How the Human Hippocampus Associates Information and Forms Episodic Memories!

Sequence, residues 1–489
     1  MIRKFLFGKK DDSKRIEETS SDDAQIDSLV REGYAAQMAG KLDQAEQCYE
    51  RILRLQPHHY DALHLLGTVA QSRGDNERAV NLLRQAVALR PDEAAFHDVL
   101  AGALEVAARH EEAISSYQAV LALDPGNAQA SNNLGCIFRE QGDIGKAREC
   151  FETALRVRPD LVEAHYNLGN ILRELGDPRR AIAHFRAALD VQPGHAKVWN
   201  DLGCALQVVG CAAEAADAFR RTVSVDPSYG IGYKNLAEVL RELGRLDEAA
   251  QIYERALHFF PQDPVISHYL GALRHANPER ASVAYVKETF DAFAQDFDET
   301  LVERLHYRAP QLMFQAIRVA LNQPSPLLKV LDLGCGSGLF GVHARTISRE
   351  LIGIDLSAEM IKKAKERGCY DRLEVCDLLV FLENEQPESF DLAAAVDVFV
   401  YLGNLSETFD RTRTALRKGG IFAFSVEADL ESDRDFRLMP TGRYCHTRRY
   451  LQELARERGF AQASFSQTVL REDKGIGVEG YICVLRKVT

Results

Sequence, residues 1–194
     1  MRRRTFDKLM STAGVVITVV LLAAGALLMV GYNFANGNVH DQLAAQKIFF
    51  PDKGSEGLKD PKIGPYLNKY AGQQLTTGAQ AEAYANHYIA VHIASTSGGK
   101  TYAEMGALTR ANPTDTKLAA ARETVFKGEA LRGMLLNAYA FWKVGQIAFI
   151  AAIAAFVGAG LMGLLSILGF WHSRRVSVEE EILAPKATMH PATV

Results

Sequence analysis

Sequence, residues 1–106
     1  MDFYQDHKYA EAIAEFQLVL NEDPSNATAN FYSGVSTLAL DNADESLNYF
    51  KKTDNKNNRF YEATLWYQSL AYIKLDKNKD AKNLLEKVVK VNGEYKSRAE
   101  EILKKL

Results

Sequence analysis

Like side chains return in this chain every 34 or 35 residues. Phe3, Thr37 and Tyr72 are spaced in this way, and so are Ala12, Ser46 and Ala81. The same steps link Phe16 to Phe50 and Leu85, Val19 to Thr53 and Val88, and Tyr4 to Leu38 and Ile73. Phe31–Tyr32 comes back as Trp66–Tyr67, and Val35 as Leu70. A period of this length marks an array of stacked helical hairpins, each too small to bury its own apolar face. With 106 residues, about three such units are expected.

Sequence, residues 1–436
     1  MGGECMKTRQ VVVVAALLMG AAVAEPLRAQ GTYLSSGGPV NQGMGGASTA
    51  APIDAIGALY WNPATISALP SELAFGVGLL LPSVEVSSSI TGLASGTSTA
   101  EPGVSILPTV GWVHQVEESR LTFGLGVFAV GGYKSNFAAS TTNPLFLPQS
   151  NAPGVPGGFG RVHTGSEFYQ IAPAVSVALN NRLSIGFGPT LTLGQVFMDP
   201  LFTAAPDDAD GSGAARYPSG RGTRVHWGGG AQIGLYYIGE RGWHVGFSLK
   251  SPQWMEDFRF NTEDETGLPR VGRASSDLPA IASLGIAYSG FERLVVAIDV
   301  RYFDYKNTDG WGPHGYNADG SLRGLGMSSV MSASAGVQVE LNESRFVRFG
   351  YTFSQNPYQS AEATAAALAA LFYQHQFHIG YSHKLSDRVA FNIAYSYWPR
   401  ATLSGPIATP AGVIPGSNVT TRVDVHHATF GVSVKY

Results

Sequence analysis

Memories of real-life events or episodes are rapidly formed and require little or no repetition. Despite the importance of these memories to our daily lives, and recent advances in animal models, little is known about the neuronal mechanisms responsible for episodic memories in the human brain. Ison and Quian in Itzhak Fried's laboratory (ICLM, UCLA ) recorded the activity of hippocampal neurons in neurosurgical patients while these patients learned new associations, such as the association between American volleyball player Kerry Walsh and the Eiffel tower, as if they were meeting Ms Walsh near the Eiffel tower. These authors found that a large proportion of neurons rapidly learnt to encode these specific associations. For example, after showing a picture of Kerry Walsh next to a picture of the Eiffel Tower, hippocampal neurons initially responsive to Kerry Walsh's picture, but not to the Eifel Tower, now started to fire to the picture of the Eifel tower, as well as to the association between Kerry Walsh and the Eiffel tower (but not to other associations!). These results provide direct evidence for the neuronal mechanisms that associate complex stimuli, such as the memory of meeting a person in a particular place, a process central to the formation of episodic memories. These exciting results were recently reported in Neuron.